If you embrace a kingdom vision of the gospel itself, racism is nothing short of disgusting. If you embrace a judicial perception of sin, the Cross, and the gospel, racism is more tolerable. I’m sorry to put in such bold terms, but it all comes down to how you understand the gospel.
I am not an expert on the topic of racism, nor am I a paragon of a colorless and a raceless (not the same thing) perception of our world. But, I want the Church to be better because I believe racism is a denial of the kingdom vision and gospel of Jesus.
So, in this post today I want to chart out four images of how the Church has sometimes talked and sometimes operated (the latter is more important than the former) with respect to race.
First, some see a tapas approach to the Church and race. Tapas is as much a way of eating as it is a meal (at least for me), and it involves this: a person has a main plate and a series of small plates around the plate out of which she or he eats. One eats from one plate at a time. Analogy: the Church has a main culture (in the USA it is white) and a series of minority cultures around it, they are all eating (i.e., participating in Christ), but they are each kept in their separate and separable locations. Segregation is the operative word.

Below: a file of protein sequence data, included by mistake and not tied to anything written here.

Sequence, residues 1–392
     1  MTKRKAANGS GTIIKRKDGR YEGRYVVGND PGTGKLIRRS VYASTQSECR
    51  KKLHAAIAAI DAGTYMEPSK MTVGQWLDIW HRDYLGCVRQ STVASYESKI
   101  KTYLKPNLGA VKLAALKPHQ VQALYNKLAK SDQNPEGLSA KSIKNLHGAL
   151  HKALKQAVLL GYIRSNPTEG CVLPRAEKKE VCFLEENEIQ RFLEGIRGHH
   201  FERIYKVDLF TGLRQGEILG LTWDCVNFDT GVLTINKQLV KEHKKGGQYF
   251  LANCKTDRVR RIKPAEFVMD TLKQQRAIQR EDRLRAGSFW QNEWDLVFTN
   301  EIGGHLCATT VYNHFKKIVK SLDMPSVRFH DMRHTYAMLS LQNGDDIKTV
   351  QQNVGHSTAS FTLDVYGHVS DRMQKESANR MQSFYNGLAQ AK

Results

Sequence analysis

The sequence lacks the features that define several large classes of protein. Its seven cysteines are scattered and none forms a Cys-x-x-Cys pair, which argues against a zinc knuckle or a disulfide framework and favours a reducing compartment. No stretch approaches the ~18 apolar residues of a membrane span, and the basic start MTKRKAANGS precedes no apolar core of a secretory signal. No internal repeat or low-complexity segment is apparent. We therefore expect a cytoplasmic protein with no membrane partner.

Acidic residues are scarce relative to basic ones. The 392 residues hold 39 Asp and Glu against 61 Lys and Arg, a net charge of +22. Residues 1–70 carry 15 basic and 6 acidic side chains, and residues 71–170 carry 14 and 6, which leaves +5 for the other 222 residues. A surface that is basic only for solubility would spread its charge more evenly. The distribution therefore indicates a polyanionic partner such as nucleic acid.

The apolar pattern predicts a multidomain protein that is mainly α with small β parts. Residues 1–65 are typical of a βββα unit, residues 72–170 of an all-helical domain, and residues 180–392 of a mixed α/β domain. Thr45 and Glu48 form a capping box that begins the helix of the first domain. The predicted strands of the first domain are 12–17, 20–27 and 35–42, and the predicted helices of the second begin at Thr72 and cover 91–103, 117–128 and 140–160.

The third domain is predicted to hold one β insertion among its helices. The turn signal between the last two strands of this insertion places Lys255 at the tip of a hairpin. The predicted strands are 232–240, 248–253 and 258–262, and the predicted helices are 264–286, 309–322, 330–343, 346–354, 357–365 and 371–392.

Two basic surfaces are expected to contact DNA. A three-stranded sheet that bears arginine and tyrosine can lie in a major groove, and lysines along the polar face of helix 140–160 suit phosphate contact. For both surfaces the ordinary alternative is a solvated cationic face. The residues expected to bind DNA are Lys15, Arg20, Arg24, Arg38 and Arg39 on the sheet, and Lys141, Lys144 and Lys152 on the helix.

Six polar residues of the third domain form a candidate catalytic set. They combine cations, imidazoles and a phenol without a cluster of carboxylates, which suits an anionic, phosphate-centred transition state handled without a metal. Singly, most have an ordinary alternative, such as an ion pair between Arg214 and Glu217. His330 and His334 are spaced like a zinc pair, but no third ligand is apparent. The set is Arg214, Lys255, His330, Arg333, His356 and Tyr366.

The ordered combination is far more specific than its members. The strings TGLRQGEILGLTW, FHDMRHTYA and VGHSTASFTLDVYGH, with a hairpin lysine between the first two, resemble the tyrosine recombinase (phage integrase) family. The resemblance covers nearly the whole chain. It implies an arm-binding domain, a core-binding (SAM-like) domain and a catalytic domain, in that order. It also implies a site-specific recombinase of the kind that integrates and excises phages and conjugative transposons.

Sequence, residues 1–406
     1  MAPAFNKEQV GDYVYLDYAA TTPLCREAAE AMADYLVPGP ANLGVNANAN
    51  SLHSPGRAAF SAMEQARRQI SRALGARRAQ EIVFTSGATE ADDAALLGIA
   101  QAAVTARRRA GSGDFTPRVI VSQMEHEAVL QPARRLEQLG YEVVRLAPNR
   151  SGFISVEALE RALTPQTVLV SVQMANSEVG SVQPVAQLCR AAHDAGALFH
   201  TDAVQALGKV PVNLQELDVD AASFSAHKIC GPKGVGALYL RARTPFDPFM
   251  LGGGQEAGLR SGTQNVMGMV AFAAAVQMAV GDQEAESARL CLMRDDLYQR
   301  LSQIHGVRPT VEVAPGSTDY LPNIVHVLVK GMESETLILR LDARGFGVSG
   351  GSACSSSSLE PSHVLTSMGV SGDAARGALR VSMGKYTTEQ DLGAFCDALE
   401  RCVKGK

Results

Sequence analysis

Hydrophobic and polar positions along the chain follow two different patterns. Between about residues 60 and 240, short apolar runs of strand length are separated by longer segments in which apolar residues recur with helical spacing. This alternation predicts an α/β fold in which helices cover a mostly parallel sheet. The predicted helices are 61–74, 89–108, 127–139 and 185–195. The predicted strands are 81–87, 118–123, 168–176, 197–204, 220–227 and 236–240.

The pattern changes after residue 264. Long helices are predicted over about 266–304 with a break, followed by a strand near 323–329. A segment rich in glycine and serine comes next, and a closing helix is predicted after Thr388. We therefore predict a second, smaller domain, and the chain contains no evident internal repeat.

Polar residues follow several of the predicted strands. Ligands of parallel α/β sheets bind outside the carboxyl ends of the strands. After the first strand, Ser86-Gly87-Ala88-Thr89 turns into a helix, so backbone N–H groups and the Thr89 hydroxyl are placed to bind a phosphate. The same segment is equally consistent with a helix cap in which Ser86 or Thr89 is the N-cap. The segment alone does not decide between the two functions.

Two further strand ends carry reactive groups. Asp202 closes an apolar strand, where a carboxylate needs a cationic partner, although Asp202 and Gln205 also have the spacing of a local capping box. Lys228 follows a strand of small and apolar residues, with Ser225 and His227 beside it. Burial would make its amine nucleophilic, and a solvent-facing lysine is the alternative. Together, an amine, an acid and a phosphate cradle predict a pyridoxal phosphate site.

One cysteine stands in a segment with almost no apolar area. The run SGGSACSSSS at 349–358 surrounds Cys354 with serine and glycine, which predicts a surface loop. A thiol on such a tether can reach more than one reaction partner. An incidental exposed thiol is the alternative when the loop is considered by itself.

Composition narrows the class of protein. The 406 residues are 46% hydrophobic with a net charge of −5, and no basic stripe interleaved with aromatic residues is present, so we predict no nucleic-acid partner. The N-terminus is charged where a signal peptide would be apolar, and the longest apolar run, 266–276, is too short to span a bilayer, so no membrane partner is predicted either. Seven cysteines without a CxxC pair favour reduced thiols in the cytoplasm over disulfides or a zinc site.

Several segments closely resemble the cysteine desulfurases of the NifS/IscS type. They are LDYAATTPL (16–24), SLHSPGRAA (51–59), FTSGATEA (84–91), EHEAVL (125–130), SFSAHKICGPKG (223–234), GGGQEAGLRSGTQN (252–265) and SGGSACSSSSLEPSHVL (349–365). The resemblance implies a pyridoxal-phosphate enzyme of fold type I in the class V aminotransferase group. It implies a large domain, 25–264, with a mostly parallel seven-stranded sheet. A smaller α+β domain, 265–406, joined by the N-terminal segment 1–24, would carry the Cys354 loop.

Third, yet others propose a salad bowl. I make the salad every evening. I cut the spinach into slices because I don’t like those big leaves slapping me in the lips; then I cut up some carrots and some onion and some tomato and then some broccoli and then I dash it with pepper. When Kris gets home we put dressing on it (I put on olive oil), and we eat it. Analogy: each item is separable and distinguishable, for I don’t grind this stuff into a single substance; but each is within the bowl, unlike the tapas. Integrity within some kind of unity is the operative word.
Here it is then: in the first, the Church encourages segregated congregations in the name of diversity or poverty or location; in the second the Church encourages us to all be the same, which inevitably means we become the dominant culture; in the third the Church encourages us to work to stay together (salads never quite do that) but are within the same bowl while retaining our separable integrities; and the in the latter the Church calls us to uniformity but the spice of the whole is the same because the dominant culture tends to make everything taste the same.